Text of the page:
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Female Pakistani Minister Shot Dead for Refusing to Wear Veil

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Zilla Huma Usman rushed to operating room at hospital in Gujranwala. (AP)

A Pakistani minister and woman’s activist was shot dead Tuesday by an Islamic extremist for refusing to wear the veil.

Zilla Huma Usman, the minister for social welfare in Punjab province and an ally of President Pervez Musharraf, was killed as she was about to deliver a speech to dozens of party activists, by a “fanatic”, who believed that she was dressed inappropriately and that women should not be involved in politics, officials said.

Usman, 35, was wearing the shalwar kameez worn by many professional women in Pakistan, but did not cover her head.

The attack happened in Gujranwala, 120 miles southeast of Islamabad, where the minister’s office is based. As Usman, 35, stepped out of her car – where she was greeted by her co-workers throwing rose petals - the attacker pulled out a pistol and fired a single shot at close range, hitting her in the head. She was airlifted to hospital in the provincial capital Lahore, but died soon afterwards.

The gunman, Mohammad Sarwar, was overpowered by the minister’s driver and arrested by police. A stone mason in his mid 40s, he is not thought to belong to any radical group but is known for his fanaticism. He was previously held in 2002 in connection with the killing and mutilation of four prostitutes, but was never convicted due to lack of evidence.

Sarwar appeared relaxed and calm when he told a television channel that he had carried out God’s order to kill women who sinned. “I have no regrets. I just obeyed Allah’s commandment,” he said, adding that Islam did not allow women to hold positions of leadership. “I will kill all those women who do not follow the right path, if I am freed again,” he said.

“He is basically a fanatic,” Raja Basharat, the Punjab Law Minister, said. “He is against the involvement of women in politics and government affairs.” A police statement added: “He considers it contrary to the teachings of Allah for a woman to become a minister or a ruler. That’s why he committed this action.”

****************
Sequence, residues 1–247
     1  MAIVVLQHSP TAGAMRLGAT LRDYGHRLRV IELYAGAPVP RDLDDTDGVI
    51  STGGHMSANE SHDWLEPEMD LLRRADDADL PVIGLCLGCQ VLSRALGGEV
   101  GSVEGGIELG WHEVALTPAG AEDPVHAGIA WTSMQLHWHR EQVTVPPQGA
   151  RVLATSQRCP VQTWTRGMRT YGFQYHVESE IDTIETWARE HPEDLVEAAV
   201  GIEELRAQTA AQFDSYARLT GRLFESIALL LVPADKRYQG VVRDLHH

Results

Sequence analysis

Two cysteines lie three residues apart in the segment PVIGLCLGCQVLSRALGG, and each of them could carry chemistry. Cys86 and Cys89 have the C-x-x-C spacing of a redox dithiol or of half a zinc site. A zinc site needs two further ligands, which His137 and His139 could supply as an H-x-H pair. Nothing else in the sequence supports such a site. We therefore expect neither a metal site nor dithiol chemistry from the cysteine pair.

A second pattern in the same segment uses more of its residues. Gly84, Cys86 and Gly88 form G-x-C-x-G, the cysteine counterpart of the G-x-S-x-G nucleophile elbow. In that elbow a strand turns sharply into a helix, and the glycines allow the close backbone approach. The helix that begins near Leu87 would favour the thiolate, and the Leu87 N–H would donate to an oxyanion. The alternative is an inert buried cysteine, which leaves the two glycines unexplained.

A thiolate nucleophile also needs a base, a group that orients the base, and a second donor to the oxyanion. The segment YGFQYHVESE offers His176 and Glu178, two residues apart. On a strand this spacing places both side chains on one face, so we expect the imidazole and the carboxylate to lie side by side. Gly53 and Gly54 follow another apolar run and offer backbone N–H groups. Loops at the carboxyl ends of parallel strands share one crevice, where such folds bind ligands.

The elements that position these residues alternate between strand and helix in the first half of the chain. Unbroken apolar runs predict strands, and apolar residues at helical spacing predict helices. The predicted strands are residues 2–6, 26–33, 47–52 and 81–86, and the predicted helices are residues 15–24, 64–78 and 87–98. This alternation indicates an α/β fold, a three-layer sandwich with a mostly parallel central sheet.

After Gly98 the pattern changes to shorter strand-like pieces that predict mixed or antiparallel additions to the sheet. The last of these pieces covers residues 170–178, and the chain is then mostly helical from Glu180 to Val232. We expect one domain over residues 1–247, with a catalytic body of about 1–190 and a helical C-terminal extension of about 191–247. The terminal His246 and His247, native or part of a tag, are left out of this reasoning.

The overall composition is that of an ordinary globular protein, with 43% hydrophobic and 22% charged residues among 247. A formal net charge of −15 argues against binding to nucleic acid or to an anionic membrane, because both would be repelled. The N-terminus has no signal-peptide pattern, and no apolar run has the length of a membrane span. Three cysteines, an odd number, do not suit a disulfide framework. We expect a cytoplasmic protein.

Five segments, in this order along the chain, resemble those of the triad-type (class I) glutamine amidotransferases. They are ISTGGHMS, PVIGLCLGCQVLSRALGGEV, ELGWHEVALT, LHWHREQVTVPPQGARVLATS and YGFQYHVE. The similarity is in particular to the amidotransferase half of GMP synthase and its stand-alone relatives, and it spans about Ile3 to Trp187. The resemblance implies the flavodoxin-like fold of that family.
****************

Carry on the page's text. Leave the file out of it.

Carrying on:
“He killed her because she was not observing the Islamic code of dress. She was also campaigning for emancipation of women,” said Nazir Ahmad, a local officer.

Usman, a married mother of two sons, joined the pro-Musharraf Pakistan Muslim League after being elected in 2002. A strong supporter of the President’s policy of “enlightened moderation” - designed to tackle extremism - she was appointed to her current post in December last year according to her government biography.

In April 2005, she encouraged the holding of a mini-marathon involving female competitors in Gujranwala – an event which led to riots after police intervened to stop armed Islamic activists from disrupting the race. She also ran a small fashion business from her base in the town.

Shaukat Aziz, the Prime Minister, paid tribute to the minister, describing her as a “committed and dedicated politician”. “During her short span as minister, she took several steps for the welfare of the people of Punjab,” he said. Zobaida Jalal, the federal Minister for Social Welfare, added that Usman’s death was an “unbearable loss to the cause of women rights and their empowerment”.

General Musharraf, whose support for the US-led war on terror has caused consternation among Pakistan's hardline elements, has promised to address women’s rights as part of his more moderate agenda.

But analysts said that the murder of the female minister highlighted the failure of his government in curbing Islamic extremism. The Human Rights Commission of Pakistan in a recent report said that violence against women had increased alarmingly, with some of the incidents incited by Mullahs opposed to women’s emancipation.

Islamists also campaigned against the Women Protection Bill which was recently passed by parliament, which seeks to provide protection to women who have suffered discrimination under Islamic Sharia laws.

Women make up just over 20 per cent of the lower house of parliament, according to the country’s main human rights group, and there are three women ministers in the cabinet of the federal government.

But widespread discrimination against females continues to be a problem in what remains a male-dominated society, particularly in the countryside, where most Pakistanis live.